3. Run the following cmdlet on each CSV owner node to display the path to all VM VMCX files per volume prior to VM import. Modify the path to match your environment:

    Get-ChildItem -Path "C:\Clusterstorage\Volume01\*.vmcx" -Recurse
    

    Note

    Windows Server 2012 R2 and older VMs use an XML file instead of a VCMX file. Fore more information, see the section Migrating older VMs.

  4. Run the following cmdlet for each server node to import, register, and make the VMs highly available on each CSV owner node. This ensures an even distribution of VMs for optimal processor and memory allocation:

    Get-ChildItem -Path "C:\Clusterstorage\Volume01\*.vmcx" -Recurse | Import-VM -Register | Get-VM | Add-ClusterVirtualMachineRole
    
  5. Start each destination VM on each node:

    Start-VM -Name
    
  6. Log on and verify that all VMs are running and that all your apps and data are there:

    Get-VM -ComputerName Server01 | Where-Object {$_.State -eq 'Running'}
    
  7. Update your VMs to the latest version for Azure Stack HCI to take advantage of all the advancements:

    Get-VM | Update-VMVersion -Force
    
  8. After the script has completed, check the Robocopy log file for any errors listed and to verify that all VMs are copied successfully.

Migrating older VMs

If you have Windows Server 2008 SP1, Windows Server 2008 R2-SP1, Windows Server 2012, or Windows Server 2012 R2 VMs, this section applies to you. You have two options for handling these VMs:

  • Migrate these VMs to Windows Server 2012 R2, Windows Server 2016, or Windows Server 2019 first, update the VM version, then begin the migration process.

  • Use Robocopy to copy all VM VHDs to Azure Stack HCI. Then create new VMs and attach the copied VHDs to the VMs in Azure Stack HCI. This bypasses the VM version limitation for these older VMs.

Windows Server 2012 R2 and older Hyper-V hosts use an XML file format for their VM configuration, which is different than the VCMX file format used for Windows Server 2016 and later Hyper-V hosts. This requires a different Robocopy command to copy these VMs to Azure Stack HCI.

Option 1: Staged migration

This is a two-stage migration used for VMs hosted on Windows Server 2008 SP1, Windows Server 2008 R2-SP, and Windows Server 2012. Here is the process you use:

  1. Discover the location of all VM VHD and VHDX files to be copied, then review the vmpaths.txt file to determine the topmost source file path for Robocopy to start from. Use the following cmdlet:

    Get-ChildItem -Path "C:\Clusterstorage\Volume01\*.vhd*" -Recurse > c:\vmpaths.txt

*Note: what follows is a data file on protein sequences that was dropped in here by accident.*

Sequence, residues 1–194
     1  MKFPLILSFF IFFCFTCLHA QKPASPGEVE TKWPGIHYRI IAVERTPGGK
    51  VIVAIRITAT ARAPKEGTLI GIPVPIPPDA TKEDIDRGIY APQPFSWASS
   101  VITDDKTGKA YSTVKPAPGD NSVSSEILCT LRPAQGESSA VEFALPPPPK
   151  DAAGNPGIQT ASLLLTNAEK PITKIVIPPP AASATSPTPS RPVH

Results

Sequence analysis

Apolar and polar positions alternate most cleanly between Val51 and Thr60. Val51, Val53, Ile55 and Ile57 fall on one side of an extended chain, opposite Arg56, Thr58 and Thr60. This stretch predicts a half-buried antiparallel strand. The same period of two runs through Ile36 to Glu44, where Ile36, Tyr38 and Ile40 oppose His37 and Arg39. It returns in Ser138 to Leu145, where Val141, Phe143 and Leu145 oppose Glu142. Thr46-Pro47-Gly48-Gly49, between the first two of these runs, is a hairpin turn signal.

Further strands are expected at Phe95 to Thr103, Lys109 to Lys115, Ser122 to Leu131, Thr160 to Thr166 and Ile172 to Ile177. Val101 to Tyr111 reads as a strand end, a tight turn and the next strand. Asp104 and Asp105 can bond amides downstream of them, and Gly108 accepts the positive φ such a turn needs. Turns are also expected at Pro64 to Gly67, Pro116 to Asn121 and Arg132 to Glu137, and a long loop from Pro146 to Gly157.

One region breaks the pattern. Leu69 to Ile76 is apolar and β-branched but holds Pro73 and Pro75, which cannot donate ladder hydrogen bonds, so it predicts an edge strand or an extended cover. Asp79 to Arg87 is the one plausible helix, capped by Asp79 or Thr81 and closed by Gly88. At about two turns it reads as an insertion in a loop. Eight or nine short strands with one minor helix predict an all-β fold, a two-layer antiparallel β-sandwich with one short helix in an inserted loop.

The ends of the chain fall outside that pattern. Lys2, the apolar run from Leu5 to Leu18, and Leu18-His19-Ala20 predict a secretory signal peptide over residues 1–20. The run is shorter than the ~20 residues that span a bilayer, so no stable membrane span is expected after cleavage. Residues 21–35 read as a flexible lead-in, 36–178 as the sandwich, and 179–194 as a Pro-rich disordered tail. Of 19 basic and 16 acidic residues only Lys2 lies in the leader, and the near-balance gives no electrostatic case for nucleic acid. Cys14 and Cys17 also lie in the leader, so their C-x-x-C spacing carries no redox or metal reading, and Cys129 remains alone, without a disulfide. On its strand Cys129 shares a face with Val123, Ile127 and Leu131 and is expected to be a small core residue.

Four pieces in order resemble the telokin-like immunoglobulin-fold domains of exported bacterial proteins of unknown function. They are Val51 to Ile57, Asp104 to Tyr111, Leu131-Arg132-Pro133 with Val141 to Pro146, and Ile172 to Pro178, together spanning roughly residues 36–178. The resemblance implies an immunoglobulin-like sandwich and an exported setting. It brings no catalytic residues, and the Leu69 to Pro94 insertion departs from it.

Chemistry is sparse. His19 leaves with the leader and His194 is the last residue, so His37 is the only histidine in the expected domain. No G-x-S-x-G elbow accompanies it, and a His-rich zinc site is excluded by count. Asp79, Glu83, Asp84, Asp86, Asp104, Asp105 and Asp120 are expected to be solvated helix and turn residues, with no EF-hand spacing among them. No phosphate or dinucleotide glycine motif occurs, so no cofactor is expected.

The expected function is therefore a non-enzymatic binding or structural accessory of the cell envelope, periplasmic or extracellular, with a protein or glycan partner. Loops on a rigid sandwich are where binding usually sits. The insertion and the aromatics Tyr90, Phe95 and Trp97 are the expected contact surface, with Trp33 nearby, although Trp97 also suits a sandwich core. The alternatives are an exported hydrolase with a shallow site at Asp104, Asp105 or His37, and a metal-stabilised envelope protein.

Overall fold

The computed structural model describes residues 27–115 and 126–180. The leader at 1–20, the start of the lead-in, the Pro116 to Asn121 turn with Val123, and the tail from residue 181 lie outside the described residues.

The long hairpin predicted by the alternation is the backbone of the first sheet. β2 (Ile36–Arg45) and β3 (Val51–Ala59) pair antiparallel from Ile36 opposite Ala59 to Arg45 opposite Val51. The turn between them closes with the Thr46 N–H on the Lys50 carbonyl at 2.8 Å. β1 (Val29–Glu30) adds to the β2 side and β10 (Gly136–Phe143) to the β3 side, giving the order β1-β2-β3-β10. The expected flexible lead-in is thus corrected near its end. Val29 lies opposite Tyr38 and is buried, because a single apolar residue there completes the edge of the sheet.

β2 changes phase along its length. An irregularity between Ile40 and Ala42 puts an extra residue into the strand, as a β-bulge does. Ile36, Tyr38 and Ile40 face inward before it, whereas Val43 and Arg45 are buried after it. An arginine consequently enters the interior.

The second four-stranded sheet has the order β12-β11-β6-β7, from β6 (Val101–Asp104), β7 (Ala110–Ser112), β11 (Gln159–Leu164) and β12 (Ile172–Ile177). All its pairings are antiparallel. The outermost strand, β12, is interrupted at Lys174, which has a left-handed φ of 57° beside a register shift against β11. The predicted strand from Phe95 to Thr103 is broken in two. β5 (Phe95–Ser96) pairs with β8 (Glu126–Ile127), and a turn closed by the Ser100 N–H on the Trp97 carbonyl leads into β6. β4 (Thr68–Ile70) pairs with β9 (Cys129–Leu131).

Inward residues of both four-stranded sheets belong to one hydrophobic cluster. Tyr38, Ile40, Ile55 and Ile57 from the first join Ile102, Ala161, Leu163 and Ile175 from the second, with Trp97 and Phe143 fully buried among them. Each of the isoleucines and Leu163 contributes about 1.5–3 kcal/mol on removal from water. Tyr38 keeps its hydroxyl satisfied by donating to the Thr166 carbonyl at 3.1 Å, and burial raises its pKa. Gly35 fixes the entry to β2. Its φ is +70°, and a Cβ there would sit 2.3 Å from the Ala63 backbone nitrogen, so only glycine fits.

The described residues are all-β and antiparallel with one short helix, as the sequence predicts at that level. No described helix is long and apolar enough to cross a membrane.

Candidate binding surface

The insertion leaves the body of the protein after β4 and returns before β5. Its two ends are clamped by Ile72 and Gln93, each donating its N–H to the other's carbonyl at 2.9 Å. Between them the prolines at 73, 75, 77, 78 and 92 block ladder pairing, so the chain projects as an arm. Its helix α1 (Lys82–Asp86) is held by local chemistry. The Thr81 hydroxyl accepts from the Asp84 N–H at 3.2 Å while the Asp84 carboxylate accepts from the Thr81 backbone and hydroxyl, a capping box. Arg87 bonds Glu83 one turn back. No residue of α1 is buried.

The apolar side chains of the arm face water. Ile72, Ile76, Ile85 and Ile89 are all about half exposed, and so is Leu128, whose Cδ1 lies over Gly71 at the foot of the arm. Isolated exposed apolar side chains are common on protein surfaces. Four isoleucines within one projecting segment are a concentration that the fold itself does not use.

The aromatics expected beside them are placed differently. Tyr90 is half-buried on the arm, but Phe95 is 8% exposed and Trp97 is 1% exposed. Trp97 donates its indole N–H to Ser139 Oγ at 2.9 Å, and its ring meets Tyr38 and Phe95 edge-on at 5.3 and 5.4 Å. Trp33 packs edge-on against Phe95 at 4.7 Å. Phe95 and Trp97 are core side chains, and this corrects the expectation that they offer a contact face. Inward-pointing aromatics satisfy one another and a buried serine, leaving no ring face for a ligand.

2. Use the following example Robocopy command to copy VMs to Windows Server 2012 R2 first using the topmost path determined in step 1:

    Robocopy \\2012R2-Clus01\c$\clusterstorage\volume01\Hyper-V\ \\20H2-Clus01\c$\clusterstorage\volume01\Hyper-V\ /E /MT:32 /R:0 /w:1 /NFL /NDL /copyall /log:c:\log.txt /xf

  3. Verify the virtual switch (VMSwitch) name on used on the Windows Server 2012 R2 cluster is the same as the switch name used on the Windows 2008 R2 or Windows Server 2008 R2-SP1 source. To display the switch names used across all servers in a cluster, use this:

    Get-VMSwitch -CimSession $Servers | Select-Object Name
    

    Rename the switch name on Windows Server 20212 R2 as needed. To rename the switch name across all servers in the cluster, use this:

    Invoke-Command -ComputerName $Servers -ScriptBlock {rename-VMSwitch -Name $using:vSwitcholdName -NewName $using:vSwitchnewname}
    
  4. Copy and import the VMs to Windows Server 2012 R2:

    Get-ChildItem -Path "c:\clusterstorage\volume01\Hyper-V\*.xml"-Recurse
    
    Get-ChildItem -Path "c:\clusterstorage\volume01\image\*.xml" -Recurse    | Import-VM -Register | Get-VM | Add-ClusterVirtualMachineRole  
    
  5. On Windows Server 2012 R2, update the VM version to 5.0 for all VMs:

    Get-VM | Update-VMVersion -Force
    
  6. Run the migration script to copy VMs to Azure Stack HCI.

  7. Follow the process in Import the VMs, replacing Step 3 and Step 4 with the following to handle the XML files and to import the VMs to Azure Stack HCI:

    Get-ChildItem -Path "c:\clusterstorage\volume01\Hyper-V\*.xml"-Recurse
    
    Get-ChildItem -Path "c:\clusterstorage\volume01\image\*.xml" -Recurse    | Import-VM -Register | Get-VM | Add-ClusterVirtualMachineRole  
    
  8. Complete the remaining steps in Import the VMs.

Option 2: Direct VHD copy

This method uses Robocopy to copy VM VHDs that are hosted on Windows 2008 SP1, Windows 2008 R2-SP1, and Windows 2012 to Azure Stack HCI. This bypasses the minimum supported VM version limitation for these older VMs. We recommend this option for VMs hosted on Windows Server 2008 SP1 and Windows Server 2008 R2-SP1.

VMs hosted on Windows 2008 SP1 and Windows 2008 R2-SP1 support only Generation 1 VMs with Generation 1 VHDs. As such, corresponding Generation 1 VMs need to be created on Azure Stack HCI so that the copied VHDs can be attached to the new VMs. Note that these VHDs cannot be upgraded to Generation 2 VHDs.

Note

Windows Server 2012 supports both Generation 1 and Generation 2 VMs.

Here is the process you use:

  1. Use the example Robocopy to copy VMs VHDs directly to Azure Stack HCI:

    Robocopy \\2012R2-Clus01\c$\clusterstorage\volume01\Hyper-V\ \\20H2-Clus01\c$\clusterstorage\volume01\Hyper-V\ /E /MT:32 /R:0 /w:1 /NFL /NDL /copyall /log:c:\log.txt /xf

  2. Create new Generation 1 VMs. For detailed information on how to do this, see Manage VMs.

  3. Attach the copied VHD files to the new VMs. For detailed information, see Manage Virtual Hard Disks (VHD)

As an FYI, the following Windows Server guest operating systems support Generation 2 VMs:

  • Windows Server 2019
  • Windows Server 2016
  • Windows Server 2012 R2
  • Windows Server 2012
  • Windows 10
  • 64-bit versions of Windows 8.1 (64-bit)
  • 64-bit versions of Windows 8 (64-bit)
  • Linux (See Supported Linux and FreeBSD VMs)

Next steps